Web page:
December 31, 2014
3 min read

Fast-food menus still unhealthy

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Although fast-food restaurants have made an effort to make their meals healthier by decreasing their size, the meals remain high in calories, sodium and fat, according to two studies published in Preventing Chronic Disease.

Alice H. Lichtenstein, DSc, of the Jean Mayer USDA Human Nutrition Research Center on Aging at Tufts University, and colleagues conducted two studies examining temporal trends in fast-food restaurants from 1996 to 2013 and 2000 to 2013.

Alice H. Lichtenstein

Alice H. Lichtenstein

Shift in focus needed

From 1996 to 2013, fast-food restaurants have made an effort to emphasize portion sizes, but researchers are recommending that the restaurants focus on total calories, frequency of eating, number of items ordered, menu choices and energy-containing beverages.

The researchers evaluated three fast-food chain restaurants to collect data on energy, sodium, saturated fat and trans fat of four commonly ordered items, including French fries, cheeseburgers, grilled chicken sandwiches and regular cola.

All examined menu items, except French fries, at all three chains had varying energy content (P≤.04). Fifty-six percent of the items’ energy content decreased (beta range, -0.1 to -5.8 kcal) whereas 44% increased (beta range, 10.6-10.6 kcal).

Except for the 2-oz cheeseburger, all menu items differed for sodium content (P≤.01). Twenty-seven percent of 18 items’ sodium content decreased significantly (beta range, -4.1 to -24 mg; P≤.05) whereas 39% increased (beta range, 1.9-29.6 mg; P≤.04).

In 2013, the large-sized meal contained 61% to 80% of the recommended 10% of energy upper limit for saturated fat (22g/2,000 kcal) and 104% to 135% of the 6% upper limit (13 g/2,000 kcal).

When examining a large-sized meal containing a cheeseburger, French fries and regular cola in 2013, researchers discovered that it contained 65% to 80% of the 2,000-calorie per day diet; 63% to 91% of the 2,300-mg per day sodium content recommendation and 97% to 139% of the 1,500-mg per day recommendation.

“When developing strategies that help consumers better control their energy intakes and intakes of other nutrients, additional factors — such as caloric intake, frequency of eating occasions, number of items eaten at any occasion, specific menu choices and limiting energy-containing beverages — should be addressed,” the researchers wrote. “People should be encouraged to take advantage of the point-of-purchase menu labeling provided at fast-food establishments and should consult websites that contain nutrient information.”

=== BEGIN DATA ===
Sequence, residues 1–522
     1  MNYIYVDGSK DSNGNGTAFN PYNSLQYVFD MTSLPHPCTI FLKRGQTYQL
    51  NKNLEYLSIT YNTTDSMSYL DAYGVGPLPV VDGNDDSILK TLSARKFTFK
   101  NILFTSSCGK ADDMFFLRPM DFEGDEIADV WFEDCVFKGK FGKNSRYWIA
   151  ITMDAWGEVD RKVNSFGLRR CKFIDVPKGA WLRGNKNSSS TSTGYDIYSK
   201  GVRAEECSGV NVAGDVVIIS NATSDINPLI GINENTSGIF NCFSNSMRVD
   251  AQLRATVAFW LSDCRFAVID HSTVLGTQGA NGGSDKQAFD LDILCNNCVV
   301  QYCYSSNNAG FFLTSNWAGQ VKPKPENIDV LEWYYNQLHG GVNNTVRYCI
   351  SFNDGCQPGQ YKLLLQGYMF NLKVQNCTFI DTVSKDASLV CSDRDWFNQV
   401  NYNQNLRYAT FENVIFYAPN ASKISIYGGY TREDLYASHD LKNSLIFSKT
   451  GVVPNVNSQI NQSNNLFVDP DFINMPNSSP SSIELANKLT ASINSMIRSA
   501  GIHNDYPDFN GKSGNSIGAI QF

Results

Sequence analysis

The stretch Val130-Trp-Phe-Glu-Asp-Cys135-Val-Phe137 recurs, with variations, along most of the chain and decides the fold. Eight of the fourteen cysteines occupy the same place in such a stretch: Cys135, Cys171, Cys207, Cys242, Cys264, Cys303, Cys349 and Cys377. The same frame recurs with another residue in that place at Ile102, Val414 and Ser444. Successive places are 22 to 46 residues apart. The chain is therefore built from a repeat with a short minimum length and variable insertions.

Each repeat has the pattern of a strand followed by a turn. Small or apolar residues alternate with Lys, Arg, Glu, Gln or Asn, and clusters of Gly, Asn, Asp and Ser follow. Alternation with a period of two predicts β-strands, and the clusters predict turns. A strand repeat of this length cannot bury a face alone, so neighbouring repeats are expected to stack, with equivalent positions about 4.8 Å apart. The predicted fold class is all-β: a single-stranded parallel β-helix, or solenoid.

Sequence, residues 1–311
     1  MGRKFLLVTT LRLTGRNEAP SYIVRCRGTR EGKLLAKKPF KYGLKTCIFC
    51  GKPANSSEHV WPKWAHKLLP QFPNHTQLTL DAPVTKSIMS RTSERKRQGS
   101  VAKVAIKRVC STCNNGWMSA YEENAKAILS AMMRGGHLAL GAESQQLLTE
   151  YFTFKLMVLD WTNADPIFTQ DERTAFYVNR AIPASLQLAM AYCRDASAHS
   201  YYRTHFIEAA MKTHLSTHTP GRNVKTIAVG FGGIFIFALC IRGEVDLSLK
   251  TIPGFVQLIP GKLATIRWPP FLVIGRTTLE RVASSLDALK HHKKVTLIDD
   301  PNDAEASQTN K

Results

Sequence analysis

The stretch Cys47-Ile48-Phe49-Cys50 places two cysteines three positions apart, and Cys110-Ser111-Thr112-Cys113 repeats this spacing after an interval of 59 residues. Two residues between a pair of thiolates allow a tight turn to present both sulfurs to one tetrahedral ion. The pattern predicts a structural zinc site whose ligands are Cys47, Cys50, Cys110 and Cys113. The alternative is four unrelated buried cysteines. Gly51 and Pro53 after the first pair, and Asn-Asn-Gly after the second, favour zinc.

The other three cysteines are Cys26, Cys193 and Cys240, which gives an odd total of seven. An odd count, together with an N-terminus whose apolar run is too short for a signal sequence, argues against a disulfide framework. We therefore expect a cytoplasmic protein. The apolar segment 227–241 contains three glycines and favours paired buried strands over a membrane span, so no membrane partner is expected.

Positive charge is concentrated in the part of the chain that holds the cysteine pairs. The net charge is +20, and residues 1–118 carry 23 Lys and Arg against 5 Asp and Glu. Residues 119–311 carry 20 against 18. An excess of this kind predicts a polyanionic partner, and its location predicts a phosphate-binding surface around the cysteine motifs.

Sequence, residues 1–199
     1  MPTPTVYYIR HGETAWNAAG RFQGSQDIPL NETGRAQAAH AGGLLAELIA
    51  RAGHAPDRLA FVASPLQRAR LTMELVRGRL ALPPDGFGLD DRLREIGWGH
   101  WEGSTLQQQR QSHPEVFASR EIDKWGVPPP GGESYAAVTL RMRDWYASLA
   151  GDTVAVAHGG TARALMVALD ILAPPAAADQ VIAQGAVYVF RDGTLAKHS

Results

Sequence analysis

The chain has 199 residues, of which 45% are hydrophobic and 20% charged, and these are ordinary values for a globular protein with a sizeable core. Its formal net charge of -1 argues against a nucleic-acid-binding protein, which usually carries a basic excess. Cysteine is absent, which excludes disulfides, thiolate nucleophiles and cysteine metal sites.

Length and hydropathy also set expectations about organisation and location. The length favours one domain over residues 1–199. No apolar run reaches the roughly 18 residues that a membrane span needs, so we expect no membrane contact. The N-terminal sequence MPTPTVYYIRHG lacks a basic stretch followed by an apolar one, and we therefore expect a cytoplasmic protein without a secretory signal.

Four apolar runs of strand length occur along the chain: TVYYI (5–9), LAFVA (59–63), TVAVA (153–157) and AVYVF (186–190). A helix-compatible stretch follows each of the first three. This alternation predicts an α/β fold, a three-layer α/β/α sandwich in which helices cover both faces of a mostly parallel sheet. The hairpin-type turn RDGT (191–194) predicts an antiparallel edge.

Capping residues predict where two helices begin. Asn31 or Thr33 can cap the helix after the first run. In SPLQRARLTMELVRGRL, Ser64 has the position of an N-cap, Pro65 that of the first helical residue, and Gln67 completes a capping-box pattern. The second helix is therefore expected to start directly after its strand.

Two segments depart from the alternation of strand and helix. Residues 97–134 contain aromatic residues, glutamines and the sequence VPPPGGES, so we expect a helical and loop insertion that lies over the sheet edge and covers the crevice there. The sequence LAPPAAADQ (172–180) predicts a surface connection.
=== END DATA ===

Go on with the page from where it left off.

Dietary guidance

From 2000 to 2013, researchers found little evidence that fast-food restaurants were reformulating their products to become more consistent with dietary guidance to reduce sodium and saturated fat intake.

As in the previous study, three fast-food chain restaurants (Chain A, Chain B and Chain C) were evaluated to determine the nutrition content of three commonly ordered items including French fries, cheeseburgers and grilled chicken sandwiches.

Among the three chains, sodium content per 1,000-kcal differed widely. French fries sodium content remained high for all three chains throughout the study period, however the range narrowed from 316 to 2,000-mg per 1,000-kcal in 2000 to 700 to 1,420-mg per 1,000-kcal in 2013.

The main contributors of saturated fat were cheeseburgers with little change in content per 1,000-kcal during the study period. However, large French fries trans and saturated fat content declined.

According to researchers one approach to making fast-food restaurants healthier is to add new items to the menu.

“These new items could give consumers a range of options, which could help them meet dietary recommendations if they consistently varied their choices among these options,” the researchers wrote. “Although consumers can lower their intake of overconsumed nutrients by varying the number and choice of items ordered, fast-food restaurants can help by modifying not only the portion size but also the formulation of popular menu items to reduce the supply of these nutrients. To date, reformulation of the items most frequently consumed has not occurred to an adequate extent.”

For more information:

Urban LE. Prev Chronic Dis. 2014;11(E228):1-5.

Urban LE. Prev Chronic Dis. 2014;11(E229):1-7.

Disclosure: Both studies were funded in part by the US Department of Agriculture.